1. Periosteal Pedicle Flap Harvested during Vestibular Extension for Root Coverage

    Directory of Open Access Journals (Sweden)

    Shubham Kumar

    2015-01-01

    Full Text Available Root exposure along with inadequate vestibular depth is a common clinical finding. Treatment option includes many techniques to treat such defects for obtaining predictable root coverage. Normally, the vestibular depth is increased first followed by a second surgery for root coverage. The present case report describes a single-stage technique for vestibular extension and root coverage in a single tooth by using the Periosteal Pedicle Flap (PPF. This technique involves no donor site morbidity and allows for reflection of sufficient amount of periosteal flap tissue with its own blood supply at the surgical site, thus increasing the chances of success of root coverage with simultaneous increase in vestibular depth.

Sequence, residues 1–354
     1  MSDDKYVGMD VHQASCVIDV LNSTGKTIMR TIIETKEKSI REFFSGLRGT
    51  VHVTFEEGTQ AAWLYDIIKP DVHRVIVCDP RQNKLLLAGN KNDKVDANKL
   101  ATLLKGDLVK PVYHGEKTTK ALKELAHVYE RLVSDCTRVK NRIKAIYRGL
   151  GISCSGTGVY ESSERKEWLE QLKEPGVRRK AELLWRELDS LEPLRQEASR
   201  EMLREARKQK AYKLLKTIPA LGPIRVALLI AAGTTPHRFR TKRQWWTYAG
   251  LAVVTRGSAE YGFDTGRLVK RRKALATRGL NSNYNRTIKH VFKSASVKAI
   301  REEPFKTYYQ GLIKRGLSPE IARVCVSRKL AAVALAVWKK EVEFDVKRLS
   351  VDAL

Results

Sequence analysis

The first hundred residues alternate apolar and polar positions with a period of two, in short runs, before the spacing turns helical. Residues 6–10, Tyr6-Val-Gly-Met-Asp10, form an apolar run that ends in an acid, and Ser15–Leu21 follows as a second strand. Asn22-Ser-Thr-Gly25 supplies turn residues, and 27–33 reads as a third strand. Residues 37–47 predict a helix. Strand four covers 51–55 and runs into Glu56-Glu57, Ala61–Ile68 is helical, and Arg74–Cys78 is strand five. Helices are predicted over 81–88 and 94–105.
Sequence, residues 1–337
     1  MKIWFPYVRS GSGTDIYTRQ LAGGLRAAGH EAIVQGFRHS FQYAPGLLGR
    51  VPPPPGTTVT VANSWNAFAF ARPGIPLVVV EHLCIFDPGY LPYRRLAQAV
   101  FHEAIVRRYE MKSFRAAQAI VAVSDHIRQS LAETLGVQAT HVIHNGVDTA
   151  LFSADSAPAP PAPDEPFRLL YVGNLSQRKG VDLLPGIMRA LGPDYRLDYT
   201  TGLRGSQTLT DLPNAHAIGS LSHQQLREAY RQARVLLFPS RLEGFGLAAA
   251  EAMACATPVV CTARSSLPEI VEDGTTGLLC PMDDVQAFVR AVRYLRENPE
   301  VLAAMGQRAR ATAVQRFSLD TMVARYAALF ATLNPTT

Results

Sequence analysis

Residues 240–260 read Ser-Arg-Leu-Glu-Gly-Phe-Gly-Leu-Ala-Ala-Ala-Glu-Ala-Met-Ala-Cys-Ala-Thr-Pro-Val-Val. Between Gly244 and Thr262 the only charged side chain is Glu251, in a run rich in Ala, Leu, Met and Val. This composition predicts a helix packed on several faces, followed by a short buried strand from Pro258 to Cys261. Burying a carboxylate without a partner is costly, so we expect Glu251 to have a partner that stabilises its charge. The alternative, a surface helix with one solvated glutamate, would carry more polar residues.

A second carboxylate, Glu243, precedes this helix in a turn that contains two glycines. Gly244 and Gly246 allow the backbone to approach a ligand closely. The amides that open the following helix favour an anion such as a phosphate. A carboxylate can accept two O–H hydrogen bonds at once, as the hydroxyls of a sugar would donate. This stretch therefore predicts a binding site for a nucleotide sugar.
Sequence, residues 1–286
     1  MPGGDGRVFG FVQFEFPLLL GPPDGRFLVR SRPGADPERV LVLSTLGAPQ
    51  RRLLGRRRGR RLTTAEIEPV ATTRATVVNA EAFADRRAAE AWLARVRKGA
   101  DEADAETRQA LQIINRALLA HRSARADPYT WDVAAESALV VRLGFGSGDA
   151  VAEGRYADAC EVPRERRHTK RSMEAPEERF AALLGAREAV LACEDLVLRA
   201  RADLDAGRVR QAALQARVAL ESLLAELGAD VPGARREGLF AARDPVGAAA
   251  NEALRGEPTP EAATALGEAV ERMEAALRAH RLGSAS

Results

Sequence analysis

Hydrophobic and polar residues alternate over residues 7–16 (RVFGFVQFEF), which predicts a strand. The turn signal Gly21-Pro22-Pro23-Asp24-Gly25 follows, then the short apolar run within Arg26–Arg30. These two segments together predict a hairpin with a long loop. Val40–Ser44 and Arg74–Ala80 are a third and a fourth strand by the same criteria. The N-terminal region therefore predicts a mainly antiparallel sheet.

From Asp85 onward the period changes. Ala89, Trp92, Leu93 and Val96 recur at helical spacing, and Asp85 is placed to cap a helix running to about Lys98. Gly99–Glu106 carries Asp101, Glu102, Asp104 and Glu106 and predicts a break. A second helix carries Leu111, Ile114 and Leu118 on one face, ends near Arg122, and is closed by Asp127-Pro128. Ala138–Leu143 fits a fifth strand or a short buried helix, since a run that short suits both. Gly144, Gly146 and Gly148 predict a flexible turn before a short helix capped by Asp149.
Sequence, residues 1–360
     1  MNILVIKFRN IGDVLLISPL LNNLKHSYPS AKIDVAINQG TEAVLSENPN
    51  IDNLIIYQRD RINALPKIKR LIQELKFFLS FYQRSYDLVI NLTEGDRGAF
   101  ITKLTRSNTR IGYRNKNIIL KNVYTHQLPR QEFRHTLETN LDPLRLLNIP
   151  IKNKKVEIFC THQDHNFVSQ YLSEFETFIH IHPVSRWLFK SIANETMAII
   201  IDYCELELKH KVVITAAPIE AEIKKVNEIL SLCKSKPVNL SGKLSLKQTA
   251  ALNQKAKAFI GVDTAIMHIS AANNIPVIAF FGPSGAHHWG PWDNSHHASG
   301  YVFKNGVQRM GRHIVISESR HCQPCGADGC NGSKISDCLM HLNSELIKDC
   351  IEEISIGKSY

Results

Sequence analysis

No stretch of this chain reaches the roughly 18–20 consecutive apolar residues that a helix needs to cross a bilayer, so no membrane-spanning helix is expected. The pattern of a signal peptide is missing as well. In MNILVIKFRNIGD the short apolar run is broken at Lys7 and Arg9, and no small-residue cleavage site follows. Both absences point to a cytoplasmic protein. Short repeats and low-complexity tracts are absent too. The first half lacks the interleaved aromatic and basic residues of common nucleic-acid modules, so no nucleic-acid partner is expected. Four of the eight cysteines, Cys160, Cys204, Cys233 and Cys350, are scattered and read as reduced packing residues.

2. Gentamicin perfusion vestibular response and hearing loss.

    Science.gov (United States)

    Light, Joshua P; Silverstein, Herbert; Jackson, Lance E

    2003-03-01